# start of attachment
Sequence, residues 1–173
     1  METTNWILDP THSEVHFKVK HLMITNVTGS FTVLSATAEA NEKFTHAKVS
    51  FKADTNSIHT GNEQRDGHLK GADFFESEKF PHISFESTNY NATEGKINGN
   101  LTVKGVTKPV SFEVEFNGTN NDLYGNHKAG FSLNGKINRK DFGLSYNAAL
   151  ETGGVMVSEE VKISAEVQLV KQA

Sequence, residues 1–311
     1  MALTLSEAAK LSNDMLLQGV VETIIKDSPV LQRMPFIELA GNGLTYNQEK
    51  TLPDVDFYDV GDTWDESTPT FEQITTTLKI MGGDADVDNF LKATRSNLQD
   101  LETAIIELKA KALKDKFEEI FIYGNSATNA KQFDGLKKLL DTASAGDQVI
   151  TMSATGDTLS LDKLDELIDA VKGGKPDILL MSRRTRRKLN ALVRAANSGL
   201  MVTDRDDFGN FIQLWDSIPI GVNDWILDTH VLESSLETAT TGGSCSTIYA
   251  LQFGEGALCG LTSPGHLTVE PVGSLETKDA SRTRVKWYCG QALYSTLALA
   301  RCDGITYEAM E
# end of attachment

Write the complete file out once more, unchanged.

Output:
Sequence, residues 1–173
     1  METTNWILDP THSEVHFKVK HLMITNVTGS FTVLSATAEA NEKFTHAKVS
    51  FKADTNSIHT GNEQRDGHLK GADFFESEKF PHISFESTNY NATEGKINGN
   101  LTVKGVTKPV SFEVEFNGTN NDLYGNHKAG FSLNGKINRK DFGLSYNAAL
   151  ETGGVMVSEE VKISAEVQLV KQA

Sequence, residues 1–311
     1  MALTLSEAAK LSNDMLLQGV VETIIKDSPV LQRMPFIELA GNGLTYNQEK
    51  TLPDVDFYDV GDTWDESTPT FEQITTTLKI MGGDADVDNF LKATRSNLQD
   101  LETAIIELKA KALKDKFEEI FIYGNSATNA KQFDGLKKLL DTASAGDQVI
   151  TMSATGDTLS LDKLDELIDA VKGGKPDILL MSRRTRRKLN ALVRAANSGL
   201  MVTDRDDFGN FIQLWDSIPI GVNDWILDTH VLESSLETAT TGGSCSTIYA
   251  LQFGEGALCG LTSPGHLTVE PVGSLETKDA SRTRVKWYCG QALYSTLALA
   301  RCDGITYEAM E